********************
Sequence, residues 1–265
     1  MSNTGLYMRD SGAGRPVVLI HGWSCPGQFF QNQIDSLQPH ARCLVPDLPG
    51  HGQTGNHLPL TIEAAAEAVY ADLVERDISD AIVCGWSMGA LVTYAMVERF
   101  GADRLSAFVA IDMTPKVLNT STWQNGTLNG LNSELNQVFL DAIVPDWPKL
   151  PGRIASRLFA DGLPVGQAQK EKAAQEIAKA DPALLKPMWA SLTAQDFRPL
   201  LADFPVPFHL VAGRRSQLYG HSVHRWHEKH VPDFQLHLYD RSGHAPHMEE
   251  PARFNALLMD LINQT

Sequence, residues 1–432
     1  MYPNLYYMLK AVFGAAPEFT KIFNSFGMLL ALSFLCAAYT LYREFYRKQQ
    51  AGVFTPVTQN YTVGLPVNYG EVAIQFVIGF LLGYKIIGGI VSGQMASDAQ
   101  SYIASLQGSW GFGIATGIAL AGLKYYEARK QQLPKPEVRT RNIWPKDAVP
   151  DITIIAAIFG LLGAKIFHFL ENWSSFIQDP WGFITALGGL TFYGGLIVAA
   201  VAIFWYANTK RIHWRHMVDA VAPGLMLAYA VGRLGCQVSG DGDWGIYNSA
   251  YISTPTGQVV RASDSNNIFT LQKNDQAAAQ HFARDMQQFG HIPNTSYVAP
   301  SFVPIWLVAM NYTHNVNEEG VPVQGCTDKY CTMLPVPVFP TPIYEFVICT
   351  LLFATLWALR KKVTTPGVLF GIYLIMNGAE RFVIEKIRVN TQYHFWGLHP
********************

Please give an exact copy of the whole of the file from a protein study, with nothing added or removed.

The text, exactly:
Sequence, residues 1–265
     1  MSNTGLYMRD SGAGRPVVLI HGWSCPGQFF QNQIDSLQPH ARCLVPDLPG
    51  HGQTGNHLPL TIEAAAEAVY ADLVERDISD AIVCGWSMGA LVTYAMVERF
   101  GADRLSAFVA IDMTPKVLNT STWQNGTLNG LNSELNQVFL DAIVPDWPKL
   151  PGRIASRLFA DGLPVGQAQK EKAAQEIAKA DPALLKPMWA SLTAQDFRPL
   201  LADFPVPFHL VAGRRSQLYG HSVHRWHEKH VPDFQLHLYD RSGHAPHMEE
   251  PARFNALLMD LINQT

Sequence, residues 1–432
     1  MYPNLYYMLK AVFGAAPEFT KIFNSFGMLL ALSFLCAAYT LYREFYRKQQ
    51  AGVFTPVTQN YTVGLPVNYG EVAIQFVIGF LLGYKIIGGI VSGQMASDAQ
   101  SYIASLQGSW GFGIATGIAL AGLKYYEARK QQLPKPEVRT RNIWPKDAVP
   151  DITIIAAIFG LLGAKIFHFL ENWSSFIQDP WGFITALGGL TFYGGLIVAA
   201  VAIFWYANTK RIHWRHMVDA VAPGLMLAYA VGRLGCQVSG DGDWGIYNSA
   251  YISTPTGQVV RASDSNNIFT LQKNDQAAAQ HFARDMQQFG HIPNTSYVAP
   301  SFVPIWLVAM NYTHNVNEEG VPVQGCTDKY CTMLPVPVFP TPIYEFVICT
   351  LLFATLWALR KKVTTPGVLF GIYLIMNGAE RFVIEKIRVN TQYHFWGLHP